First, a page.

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Pro-choice measure a chance to vote values, boost Arizona turn out

What the Devil won't tell you

Pro-choice measure a chance to vote values, boost Arizona turn out

Activists launch push to add protection for abortion rights, contraception to state Constitution

  • Pro-choice backers rally on the University of Arizona campus.
    Paul Ingram/TucsonSentinel.comPro-choice backers rally on the University of Arizona campus.

Women are about to take a 50-year-step backward and more school kids face certain death for one reason.

It's not that Republicans are crazy or that Democrats are feckless, though both are increasingly true.

It's that a fanatical 30 percent of the voters have insisted on state control of women's bodies and limitless firepower for consumers. The sensible supermajority only votes pocketbook issues.

A few strident progressives pitch the slogans "defund the police" or call themselves "Democratic socialists" and the whole Democratic party dives into a bunker.

The entire Republican Party can empower mass murderers and insist women bear rapists' babies and voters shrug. 

The shooting in Uvalde, Texas, and the likely overturning of Roe v. Wade fit hand and glove. Values voters of old have been allowed to warp into something strange and unnerving because a new moral majority refuses to stop them.

It's time for that reasonable two-thirds of voters (assuming that exists) to start voting on social issues, and some Arizona activists are offering up a chance to do just that.

Pro-choice activists — Arizonans for Reproductive Freedom — are gathering signatures to put a state constitutional amendment on the ballot that would guarantee all women the authority over their own pregnancies.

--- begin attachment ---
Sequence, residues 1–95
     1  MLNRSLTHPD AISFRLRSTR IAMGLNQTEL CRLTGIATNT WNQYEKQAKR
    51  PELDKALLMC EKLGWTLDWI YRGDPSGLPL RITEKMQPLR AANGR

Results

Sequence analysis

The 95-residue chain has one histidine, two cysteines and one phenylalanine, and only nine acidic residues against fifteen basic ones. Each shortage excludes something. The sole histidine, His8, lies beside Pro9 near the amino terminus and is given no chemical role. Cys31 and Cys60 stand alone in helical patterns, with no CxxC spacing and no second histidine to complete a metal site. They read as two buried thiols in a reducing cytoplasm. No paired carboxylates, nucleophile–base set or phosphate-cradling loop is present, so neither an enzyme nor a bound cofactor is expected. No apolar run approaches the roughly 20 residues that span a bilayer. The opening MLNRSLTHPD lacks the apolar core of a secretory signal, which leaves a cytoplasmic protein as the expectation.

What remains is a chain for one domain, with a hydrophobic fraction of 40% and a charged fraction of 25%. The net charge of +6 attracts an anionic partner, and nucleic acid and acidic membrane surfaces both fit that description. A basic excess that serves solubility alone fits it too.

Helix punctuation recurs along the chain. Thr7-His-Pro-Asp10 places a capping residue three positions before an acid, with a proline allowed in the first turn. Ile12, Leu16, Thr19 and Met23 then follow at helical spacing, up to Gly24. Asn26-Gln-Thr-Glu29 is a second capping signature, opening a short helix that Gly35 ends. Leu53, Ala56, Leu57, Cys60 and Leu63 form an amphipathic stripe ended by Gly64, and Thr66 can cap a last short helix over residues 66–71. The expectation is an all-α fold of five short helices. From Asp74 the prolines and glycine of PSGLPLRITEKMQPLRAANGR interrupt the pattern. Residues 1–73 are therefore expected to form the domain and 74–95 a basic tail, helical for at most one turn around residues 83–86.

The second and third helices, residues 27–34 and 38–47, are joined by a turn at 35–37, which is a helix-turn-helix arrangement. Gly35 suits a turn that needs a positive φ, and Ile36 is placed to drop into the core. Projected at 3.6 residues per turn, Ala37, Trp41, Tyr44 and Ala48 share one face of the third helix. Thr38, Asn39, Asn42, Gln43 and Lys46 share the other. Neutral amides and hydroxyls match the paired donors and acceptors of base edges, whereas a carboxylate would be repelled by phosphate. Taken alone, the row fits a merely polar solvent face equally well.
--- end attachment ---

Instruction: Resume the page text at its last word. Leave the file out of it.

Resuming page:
That would force pregnancy rights as a stand-alone issue. It would be roll call. And it could change the game just enough in Arizona this November to make a difference.

Democrats have long believed ballot questions involving pot, payday lending and minimum wage would surge their voters. It hasn't always worked out that way.

What just might do it is a question involving bodily autonomy for 50 percent of the population. There are guys out there, too, who think the "The Handmaid's Tale" is best enjoyed as fiction. A constitutional amendment securing abortion rights is a take-it-or-leave it question that voters can decide independent of candidate or party affiliation.

I'll just say it plain. It may draw apathetic progressives off the sidelines and into the game. And that is the key to the election.

That could be enough to secure a gubernatorial victory for Secretary of State Katie Hobbs (assuming she survives her primary). It could be enough to keep Oro Valley whackadoodle Mark Finchem from Hobbs' current post. We don't need a "Stop the Steal" guy running our elections between Oathkeepers meetings. 

The problem, of course, is that the petition backers haven't left themselves a lot of time to get the required 356,000 valid signatures to force the question.

So they probably have to tally 10,000 signatures a day through July 7. It's doable. Illinois came back from 15 down against Arizona in 2005. It ought to be easier than that.

Amending Article II of the state Constitution

The amendment is not a straight up codification of Roe v. Wade, which establishes a continuum of rights based on the trimester of pregnancy. The ballot measure would also secure rights for individuals to practice contraception, make decisions about fertility and sterilization.

It differentiates between pre- and post-viability, which the amendment defines as the fetus having a reasonable likelihood of survival without living on a ventilator.

If Roe were overturned, a state law would take effect banning all abortions after 15 weeks even in cases of rape or incest.

Now, extremists will obviously argue the amendment is what's extreme — not because it is but because they are capable of forming lies in their mouths and setting untruths to paper.  

Extreme? How is it not extreme to tell a woman she must bear her rapist's baby?

Look, I'm never going to give birth, but I was in the room when my daughter was born and watching my girlfriend go through it was an important lesson. What started with "oh, I love you baby, I know it hurts ..." quickly devolved into "better her than me."

Childbirth, I've been reminded, is not a minor medical procedure. It's brutal act with a happy ending if there's a baby eagerly awaited.  Republicans want women to endure hours of active and transitional labor punctuated with geography defying delivery only to look down at the baby and say "oh, he looks just like my assailant."